Ms Wadia walk in. I was stunned by her resemblance
to her father. Everyone who sees her for the first
time is struck by her remarkable likeness to her
father. Shaharyar Khan was kind enough to ask me
to sit next to her. When I was able to speak, the
first thing I said to her was: "Ma'am, you
have done a great honor to us by coming to Pakistan."
To which she replied: "I'm happy to be here
but you really must thank Shaharyar. It was on his
invitation that I am here."
A smorgasbord of Lahori specialties was relentlessly
delivered to our table. Though I was apprehensive
of the assault on her taste buds, she tried a bit
of everything and was gracious in praising the food.
She then spoke highly of the ambience of the Old
City and the Badshahi Masjid. She told me that she
had visited my grandfather's grave earlier that
day. I felt somewhat guilty for monopolizing the
guest of honor, but I couldn't help speaking to
her. I talked about her father and she listened
with great interest. One could clearly see that
she loved her father very much. It was amazing not
only how closely she looked like her father, she
also spoke like him.
We were sitting near the stairs leading up to the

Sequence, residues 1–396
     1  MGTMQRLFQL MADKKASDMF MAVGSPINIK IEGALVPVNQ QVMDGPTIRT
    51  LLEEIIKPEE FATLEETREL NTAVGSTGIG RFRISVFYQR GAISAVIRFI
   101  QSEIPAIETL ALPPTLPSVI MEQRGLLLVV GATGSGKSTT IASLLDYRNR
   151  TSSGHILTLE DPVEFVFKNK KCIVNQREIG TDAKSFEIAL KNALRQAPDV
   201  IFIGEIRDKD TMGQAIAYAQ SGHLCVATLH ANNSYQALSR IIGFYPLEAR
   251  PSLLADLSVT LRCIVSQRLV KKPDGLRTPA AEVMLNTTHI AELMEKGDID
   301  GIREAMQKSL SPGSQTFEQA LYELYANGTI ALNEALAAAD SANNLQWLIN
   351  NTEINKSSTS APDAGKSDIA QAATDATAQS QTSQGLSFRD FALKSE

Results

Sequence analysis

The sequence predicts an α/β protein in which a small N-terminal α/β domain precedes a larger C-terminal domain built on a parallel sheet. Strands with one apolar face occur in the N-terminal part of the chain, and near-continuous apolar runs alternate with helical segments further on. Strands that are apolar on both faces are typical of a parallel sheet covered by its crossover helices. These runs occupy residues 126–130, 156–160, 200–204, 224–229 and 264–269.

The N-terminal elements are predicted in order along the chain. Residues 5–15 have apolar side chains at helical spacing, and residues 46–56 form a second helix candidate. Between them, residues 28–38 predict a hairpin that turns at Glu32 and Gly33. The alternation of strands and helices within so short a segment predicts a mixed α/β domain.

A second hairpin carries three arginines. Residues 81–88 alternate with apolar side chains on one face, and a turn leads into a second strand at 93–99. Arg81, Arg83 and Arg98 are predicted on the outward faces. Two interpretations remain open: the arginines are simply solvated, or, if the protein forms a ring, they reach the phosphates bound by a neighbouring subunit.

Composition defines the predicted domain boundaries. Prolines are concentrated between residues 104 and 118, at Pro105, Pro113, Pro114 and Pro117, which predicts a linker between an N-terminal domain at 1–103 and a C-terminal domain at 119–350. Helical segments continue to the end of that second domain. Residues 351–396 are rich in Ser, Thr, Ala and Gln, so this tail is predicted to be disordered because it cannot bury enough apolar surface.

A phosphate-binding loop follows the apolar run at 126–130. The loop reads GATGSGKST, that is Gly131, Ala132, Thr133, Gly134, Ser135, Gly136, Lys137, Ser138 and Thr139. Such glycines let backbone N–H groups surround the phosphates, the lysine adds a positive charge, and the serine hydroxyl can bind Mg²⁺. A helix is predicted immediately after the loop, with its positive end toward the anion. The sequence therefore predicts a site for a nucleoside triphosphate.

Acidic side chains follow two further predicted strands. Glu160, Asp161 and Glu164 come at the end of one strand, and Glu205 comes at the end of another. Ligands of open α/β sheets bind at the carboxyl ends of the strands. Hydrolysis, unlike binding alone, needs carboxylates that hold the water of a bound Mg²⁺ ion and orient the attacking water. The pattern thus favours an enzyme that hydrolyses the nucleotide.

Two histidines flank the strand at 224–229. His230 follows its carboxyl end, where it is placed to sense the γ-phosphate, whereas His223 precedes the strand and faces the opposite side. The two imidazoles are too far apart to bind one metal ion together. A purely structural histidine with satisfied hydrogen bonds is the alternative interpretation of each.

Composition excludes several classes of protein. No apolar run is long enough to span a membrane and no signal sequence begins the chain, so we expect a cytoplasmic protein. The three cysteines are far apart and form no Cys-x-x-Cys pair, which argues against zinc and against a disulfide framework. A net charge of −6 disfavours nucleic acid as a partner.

rooftop and people came and went past us now and
again. Out of these people, three women spotted
Dina and hesitantly made their way over to her.
One tried to speak, but was clearly choked up. After
apologizing profusely for interrupting the dinner,
she said: "I don't have words to speak to you.
God bless you."
As we were leaving the cafe, I met my old friend
Haroon Rashid with his family. I introduced him
to Ms Wadia and said his grandfather, Sir Abdul
Rasheed, was the first chief justice and swore in
the Quaid as the first governor-general of Pakistan.
Confusing Haroon's name with the Haroon family,
she said, "Of course I know the Haroon family,
they were friends of my father." Or maybe she
knew his aunt was from the Haroon family. The genuine
emotion was overwhelming and I had to take a minute
to compose myself before asking her if she would
do me the honor of visiting my home. She agreed
and I can say without reservation that that was
the greatest moment of my life.
I have in the past had the good fortune of entertaining
dignitaries, celebrities and heads of states, all
of which paled into insignificance when compared
with this experience. We all made our way over to